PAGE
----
Matt is right to say that a lot of what passed for "financial innovation" was in fact innovative efforts at regulatory arbitrage. One of the pieces of the crisis that I hadn't understood until recently, for instance, was the role that Basel II banking regulations played in the growth of the structured securities market. In essence, Basel II, which went into effect a couple years ago, held that a bank only had to keep half as much capital on hand for AAA-rated securities as for other types of assets. That created a huge incentive for banks to get more things rated AAA, as it meant that they didn't need to have as much money sitting around. They could spend it buying more products that offered higher returns. They could, in other words, further leverage themselves.

Cue "financial innovation." Structured finance -- where you separate assets into different parts (tranches), and make the "senior" tranche pretty safe by making the other tranches pay out losses first -- was essentially a way to build a lot of AAA-rated securities. Churning out these AAA-rated securities became the primary job of the ratings agencies. From CKE:

According to Fitch Ratings (2007), roughly 60 percent of all global structured products were AAA-rated, in contrast to less than 1 percent of the corporate issues. By offering AAA-ratings along with attractive yields during a period of relatively low interest rates, these products were eagerly bought up by investors around the world. In turn, structured finance activities grew to represent a large fraction of Wall Street and rating agency revenues in a relatively short period of time. By 2006, structured finance issuance led Wall Street to record revenue and compensation levels. The same year, Moody’s Corporation reported that 44 percent of its revenues came from rating structured finance products, surpassing the 32 percent of revenues from their traditional business of rating corporate bonds.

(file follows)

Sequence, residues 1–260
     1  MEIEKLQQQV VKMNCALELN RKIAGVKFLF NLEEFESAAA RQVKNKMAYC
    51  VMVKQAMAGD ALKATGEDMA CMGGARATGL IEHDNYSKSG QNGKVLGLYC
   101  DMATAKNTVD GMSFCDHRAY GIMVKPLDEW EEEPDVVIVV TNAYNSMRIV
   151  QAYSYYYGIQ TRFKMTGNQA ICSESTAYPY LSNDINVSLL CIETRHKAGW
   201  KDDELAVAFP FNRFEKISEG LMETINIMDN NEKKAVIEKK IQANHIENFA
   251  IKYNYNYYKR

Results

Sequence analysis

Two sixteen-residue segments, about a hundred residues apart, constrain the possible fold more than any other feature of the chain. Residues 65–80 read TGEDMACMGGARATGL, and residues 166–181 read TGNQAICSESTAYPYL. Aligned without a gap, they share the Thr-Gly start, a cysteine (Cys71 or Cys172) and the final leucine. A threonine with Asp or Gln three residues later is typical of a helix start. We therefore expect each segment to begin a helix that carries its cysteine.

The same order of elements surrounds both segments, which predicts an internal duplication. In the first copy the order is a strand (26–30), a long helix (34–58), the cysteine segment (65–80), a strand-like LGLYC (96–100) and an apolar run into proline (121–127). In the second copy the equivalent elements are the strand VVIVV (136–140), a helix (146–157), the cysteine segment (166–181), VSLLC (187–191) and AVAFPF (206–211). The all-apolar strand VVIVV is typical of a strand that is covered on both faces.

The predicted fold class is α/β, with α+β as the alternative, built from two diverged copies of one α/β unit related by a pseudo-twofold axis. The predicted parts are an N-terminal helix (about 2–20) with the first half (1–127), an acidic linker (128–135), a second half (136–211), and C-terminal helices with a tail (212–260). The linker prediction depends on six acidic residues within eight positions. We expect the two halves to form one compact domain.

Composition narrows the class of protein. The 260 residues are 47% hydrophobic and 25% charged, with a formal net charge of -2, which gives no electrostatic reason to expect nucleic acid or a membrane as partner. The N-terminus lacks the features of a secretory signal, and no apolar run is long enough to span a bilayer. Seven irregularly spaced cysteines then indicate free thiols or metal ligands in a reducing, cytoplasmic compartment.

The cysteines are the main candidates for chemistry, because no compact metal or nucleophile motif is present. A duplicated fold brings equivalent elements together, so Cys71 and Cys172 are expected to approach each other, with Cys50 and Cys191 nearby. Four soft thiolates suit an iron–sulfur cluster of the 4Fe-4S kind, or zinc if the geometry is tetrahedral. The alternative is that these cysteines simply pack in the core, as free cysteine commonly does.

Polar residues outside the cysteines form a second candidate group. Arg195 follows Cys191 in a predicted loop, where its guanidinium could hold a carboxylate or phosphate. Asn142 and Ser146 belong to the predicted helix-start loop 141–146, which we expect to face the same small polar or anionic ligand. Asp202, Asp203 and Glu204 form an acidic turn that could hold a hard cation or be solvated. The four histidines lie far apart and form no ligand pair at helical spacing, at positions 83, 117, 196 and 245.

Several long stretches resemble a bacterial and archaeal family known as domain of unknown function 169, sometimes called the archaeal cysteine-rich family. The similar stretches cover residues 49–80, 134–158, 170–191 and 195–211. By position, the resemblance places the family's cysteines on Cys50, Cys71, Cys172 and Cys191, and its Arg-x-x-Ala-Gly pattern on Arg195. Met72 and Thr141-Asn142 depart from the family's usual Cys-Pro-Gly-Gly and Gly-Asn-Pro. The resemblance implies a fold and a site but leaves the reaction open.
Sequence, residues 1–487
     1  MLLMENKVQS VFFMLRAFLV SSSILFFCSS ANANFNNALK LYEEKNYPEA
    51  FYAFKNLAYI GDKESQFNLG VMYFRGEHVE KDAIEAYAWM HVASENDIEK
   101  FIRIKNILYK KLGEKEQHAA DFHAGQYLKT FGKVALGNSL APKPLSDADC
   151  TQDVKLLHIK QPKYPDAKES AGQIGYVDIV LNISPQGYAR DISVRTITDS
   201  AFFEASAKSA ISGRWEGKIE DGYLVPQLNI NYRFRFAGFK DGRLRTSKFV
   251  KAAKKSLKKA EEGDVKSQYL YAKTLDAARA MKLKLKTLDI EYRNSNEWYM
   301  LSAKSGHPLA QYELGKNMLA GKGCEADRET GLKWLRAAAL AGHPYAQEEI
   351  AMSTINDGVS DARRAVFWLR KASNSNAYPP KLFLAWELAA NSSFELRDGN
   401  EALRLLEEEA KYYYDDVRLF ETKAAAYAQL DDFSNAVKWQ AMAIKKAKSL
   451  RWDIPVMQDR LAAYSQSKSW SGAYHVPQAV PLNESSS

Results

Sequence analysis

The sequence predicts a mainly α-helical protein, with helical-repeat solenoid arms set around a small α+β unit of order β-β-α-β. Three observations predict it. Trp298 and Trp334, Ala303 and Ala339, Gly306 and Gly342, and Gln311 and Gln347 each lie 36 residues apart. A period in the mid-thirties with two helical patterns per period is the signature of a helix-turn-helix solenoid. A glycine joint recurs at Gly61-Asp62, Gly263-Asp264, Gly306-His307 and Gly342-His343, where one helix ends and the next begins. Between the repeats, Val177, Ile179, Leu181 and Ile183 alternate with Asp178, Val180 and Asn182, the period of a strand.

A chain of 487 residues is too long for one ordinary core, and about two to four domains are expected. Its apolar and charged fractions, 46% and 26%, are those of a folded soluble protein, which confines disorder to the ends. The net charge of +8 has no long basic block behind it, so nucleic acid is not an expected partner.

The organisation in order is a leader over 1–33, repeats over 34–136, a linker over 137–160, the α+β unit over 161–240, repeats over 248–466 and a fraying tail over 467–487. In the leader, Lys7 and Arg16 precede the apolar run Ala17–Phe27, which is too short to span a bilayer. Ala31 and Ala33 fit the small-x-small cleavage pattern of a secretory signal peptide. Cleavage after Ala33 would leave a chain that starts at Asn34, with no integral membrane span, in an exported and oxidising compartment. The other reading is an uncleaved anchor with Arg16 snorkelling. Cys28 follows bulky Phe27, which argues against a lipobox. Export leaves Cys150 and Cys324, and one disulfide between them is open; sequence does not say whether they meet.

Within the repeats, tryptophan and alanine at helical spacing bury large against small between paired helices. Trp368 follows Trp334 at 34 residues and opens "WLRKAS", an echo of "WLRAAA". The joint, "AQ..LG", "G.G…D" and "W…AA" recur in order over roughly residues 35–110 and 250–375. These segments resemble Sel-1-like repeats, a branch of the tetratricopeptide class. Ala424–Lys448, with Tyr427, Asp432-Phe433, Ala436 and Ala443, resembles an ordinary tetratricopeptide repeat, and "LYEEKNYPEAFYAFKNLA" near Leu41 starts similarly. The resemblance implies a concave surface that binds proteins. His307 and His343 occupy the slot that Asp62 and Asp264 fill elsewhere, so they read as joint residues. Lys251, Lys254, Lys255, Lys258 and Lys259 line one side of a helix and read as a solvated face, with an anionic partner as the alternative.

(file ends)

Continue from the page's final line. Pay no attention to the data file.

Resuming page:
Italics mine. The financial innovators acted as you would expect them to. A sudden demand for AAA securities was met with a sudden burst in innovation resulting in a lot more AAA securities. It was not matched with regulators who evinced an understanding that the process had broken down and the sudden surge of AAA-securities was a demonstration of mispriced risk rather than proof that the world had become less risky. The wisdom of the regulators did not keep pace with the innovation of Wall Street.

This, incidentally, strikes me as a tough story for liberals. The regulation in question was pretty straightforward: If you have more safe assets then you have less risk and can use more of your capital. The breakdown was first in the ratings agencies, who began mispricing assets, and second among the regulators, who didn't particularly notice.